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Thomas Jefferson’s Vegetable Garden at Monticello

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Peggy Cornett is the Curator of Plants at Thomas Jefferson’s Monticello, where she has worked for more than 38 years. She holds degrees from the University of North Carolina at Chapel Hill and the University of Delaware’s Longwood Graduate Program. Peggy worked in the restored gardens of Old Salem, North Carolina, Oak Alley Plantation, Vacherie, Louisiana, and served as director of the Thomas Jefferson Center for Historic Plants. Recently she was made an Honorary Member in the Garden Club of Virginia, an honor reserved for those whose service and qualifications are exemplary.
Peggy Cornett is the Curator of Plants at Thomas Jefferson’s Monticello
In this video interview, Peggy answers questions and speaks off the cuff about Monticello’s world-famous vegetable garden.
Photos are courtesy of Thomas Jefferson’s Monticello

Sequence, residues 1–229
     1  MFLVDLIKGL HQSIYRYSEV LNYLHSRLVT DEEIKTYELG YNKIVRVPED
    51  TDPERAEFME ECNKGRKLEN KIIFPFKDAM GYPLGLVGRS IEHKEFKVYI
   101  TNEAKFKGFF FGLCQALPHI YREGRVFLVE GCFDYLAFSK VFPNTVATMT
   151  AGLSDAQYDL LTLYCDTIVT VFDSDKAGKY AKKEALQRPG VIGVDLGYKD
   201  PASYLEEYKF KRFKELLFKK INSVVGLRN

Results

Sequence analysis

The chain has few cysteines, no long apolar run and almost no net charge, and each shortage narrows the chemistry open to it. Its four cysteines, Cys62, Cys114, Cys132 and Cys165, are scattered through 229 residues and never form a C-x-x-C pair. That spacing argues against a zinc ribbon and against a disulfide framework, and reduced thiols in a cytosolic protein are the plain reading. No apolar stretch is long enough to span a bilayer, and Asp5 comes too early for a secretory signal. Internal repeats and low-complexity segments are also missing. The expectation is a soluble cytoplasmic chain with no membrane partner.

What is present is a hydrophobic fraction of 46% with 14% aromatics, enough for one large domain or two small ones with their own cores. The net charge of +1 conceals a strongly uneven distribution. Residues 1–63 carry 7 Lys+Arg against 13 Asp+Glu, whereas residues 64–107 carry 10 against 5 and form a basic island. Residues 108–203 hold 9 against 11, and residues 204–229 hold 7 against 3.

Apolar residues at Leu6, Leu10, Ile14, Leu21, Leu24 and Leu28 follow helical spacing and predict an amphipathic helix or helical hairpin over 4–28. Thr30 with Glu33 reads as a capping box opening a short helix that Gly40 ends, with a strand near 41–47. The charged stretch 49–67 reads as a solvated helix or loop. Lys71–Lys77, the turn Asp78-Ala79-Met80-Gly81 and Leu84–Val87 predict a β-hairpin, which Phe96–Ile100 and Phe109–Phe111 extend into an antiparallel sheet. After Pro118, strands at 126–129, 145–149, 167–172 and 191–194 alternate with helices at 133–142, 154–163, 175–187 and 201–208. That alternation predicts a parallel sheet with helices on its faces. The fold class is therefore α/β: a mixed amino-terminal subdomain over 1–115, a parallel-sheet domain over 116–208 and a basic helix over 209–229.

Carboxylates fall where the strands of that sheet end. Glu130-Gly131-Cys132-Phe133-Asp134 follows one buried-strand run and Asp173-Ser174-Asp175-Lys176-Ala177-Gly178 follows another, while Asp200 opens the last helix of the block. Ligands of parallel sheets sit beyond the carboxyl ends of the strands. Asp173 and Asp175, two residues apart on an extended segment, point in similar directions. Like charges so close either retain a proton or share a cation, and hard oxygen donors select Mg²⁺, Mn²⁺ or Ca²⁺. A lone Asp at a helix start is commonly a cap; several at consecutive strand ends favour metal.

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Randy Harelson, President (Louisiana) Randy Harelson was born in Macon, GA to parents whose families both came from East Baton Rouge Parish, LA, for many generations. The family moved back to Louisiana when Randy was seven, but always called him their “Georgia peach.” Educated at LSU Lab School and Louisiana State University, Randy moved to Massachusetts in 1974 to teach art in an innovative “integrated arts in education” program in Attleboro Public Schools. A gardener since childhood, he worked at Hill-Roberts Elementary School to develop an “outdoor classroom” of trees, shrubs, and flowers while a full-time art teacher. He later served as a professional designer and assistant horticulturist at Blithewold Mansion, Gardens and Arboretum in Bristol, Rhode Island. Randy’s broad career has included writing and illustrating nine published books, and running a retail nursery in Seagrove Beach, Florida that won the S. J. Blakely Award in 2003. Back home in New Roads, Randy has planted a small arboretum of trees and shrubs both native and imported, documented in Louisiana by 1860. Randy first attended a SGHS annual meeting at Mount Vernon in 2010. The next year his home was included in the Sunday tours at the Baton Rouge meeting. Randy and his husband Richard Gibbs, an architect and gardener, have been members ever since, and Randy joined the board of directors in 2015. At home they care for two acres of gardens, a 500-year-old live oak, the 200-year-old LeJeune House, and a Siamese cat named Miss Priss.
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